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JUL/AUG 2013  

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Norman NobleMedical Device OEM’s that have applied Highland Heights, Ohio-based Norman Noble Inc.’s Design for Manufacturability services have realized substantial benefits, the company says. Costs and time-to-market are often cut in half with significant improvements in quality and delivery. These services are most effective when applied to projects that involve tight tolerances and exotic materials, including NiTinol.


Many articles have been written about additive manufacturing, also known as 3-D printing. Most of these stories have discussed exciting possibilities for the technology, such as printing weapons, buildings and even human organs.


Among the reasons manufacturers perform surface-texture operations is to change a part’s appearance, change how it feels, lower its reflectivity and/or decrease friction. Textures can be applied by sandblasting, waterjet cutting, mechanical imprinting, chemical etching, EDMing and lasing.


The use of fiber lasers for microwelding is increasing. They are particularly well-suited for microwelding medical and electronic components, such as hypodermic tube assemblies and disk-drive armatures.


A revolution is happening at the micro- and nano-scales—the ability to “program” physical and biological materials to change their shape and properties without human intervention. Called self-assembly, it is the spontaneous formation of ordered structures from smaller parts, taking advantage of the natural motion of molecules when energy is applied to them, and the tendency of those molecules to stick together via intermolecular attraction.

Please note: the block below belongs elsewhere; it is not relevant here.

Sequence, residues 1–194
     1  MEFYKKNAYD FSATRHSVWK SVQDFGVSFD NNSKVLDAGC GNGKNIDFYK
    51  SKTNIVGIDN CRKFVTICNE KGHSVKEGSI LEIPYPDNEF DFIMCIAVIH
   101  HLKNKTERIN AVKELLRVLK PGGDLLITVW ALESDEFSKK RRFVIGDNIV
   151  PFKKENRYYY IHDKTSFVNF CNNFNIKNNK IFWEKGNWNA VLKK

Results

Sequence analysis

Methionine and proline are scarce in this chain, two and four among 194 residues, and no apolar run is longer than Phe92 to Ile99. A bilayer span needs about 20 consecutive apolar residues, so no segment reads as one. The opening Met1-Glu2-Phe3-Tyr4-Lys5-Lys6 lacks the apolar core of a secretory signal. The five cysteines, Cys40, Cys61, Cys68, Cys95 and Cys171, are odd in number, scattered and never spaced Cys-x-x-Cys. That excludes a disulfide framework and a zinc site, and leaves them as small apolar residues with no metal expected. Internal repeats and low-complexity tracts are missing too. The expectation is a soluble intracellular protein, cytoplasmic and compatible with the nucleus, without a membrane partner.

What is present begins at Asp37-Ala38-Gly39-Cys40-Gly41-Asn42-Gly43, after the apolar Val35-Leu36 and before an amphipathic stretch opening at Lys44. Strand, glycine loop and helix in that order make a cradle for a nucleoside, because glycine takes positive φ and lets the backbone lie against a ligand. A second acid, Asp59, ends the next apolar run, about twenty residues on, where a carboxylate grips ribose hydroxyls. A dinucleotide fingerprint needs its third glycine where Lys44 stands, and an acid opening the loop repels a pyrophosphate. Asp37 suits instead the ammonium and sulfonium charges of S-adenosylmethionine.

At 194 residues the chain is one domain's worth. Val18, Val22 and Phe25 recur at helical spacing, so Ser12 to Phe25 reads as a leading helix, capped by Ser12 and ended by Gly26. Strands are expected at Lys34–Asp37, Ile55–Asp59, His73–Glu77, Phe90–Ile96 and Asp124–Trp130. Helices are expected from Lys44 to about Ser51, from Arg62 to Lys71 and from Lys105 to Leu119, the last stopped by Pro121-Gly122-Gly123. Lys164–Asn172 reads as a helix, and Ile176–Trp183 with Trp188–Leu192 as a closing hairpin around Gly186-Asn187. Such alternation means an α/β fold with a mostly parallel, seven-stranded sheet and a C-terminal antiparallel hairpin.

Just as not all cheese from Switzerland has holes in it, not all Swiss-style machines produce parts from rotating bar stock. The escomatic Swiss-style machines from Esco SA run cutting tools mounted on a tool head rotating at up to 12,000 rpm around a nonrotating workpiece.


When shopping for a micromilling machine, one of the first things you’ll need to consider is spindle speed—how fast is fast enough? The answer depends on a number of factors, including cutter diameter, workpiece material, required feed rate and the money in your bank account.


If you have a few million tiny holes to drill, you could order up a tractor-trailer’s worth of circuit board drills and get to work. You might be done by Christmas. Or you could find one of a handful of shops that owns an electron beam driller and get those holes drilled before lunchtime.


By using force in the same way as a cotton-candy-making machine, a small U.S. firm has become a force in the world of nanoscale fiber fabrication.


In an era when society is looking for true role models, Dr. Karen Lozano, whose picture is on the cover, would be a great place to start. She’s the inventor of the Forcespinning process, the subject of our July/August cover story.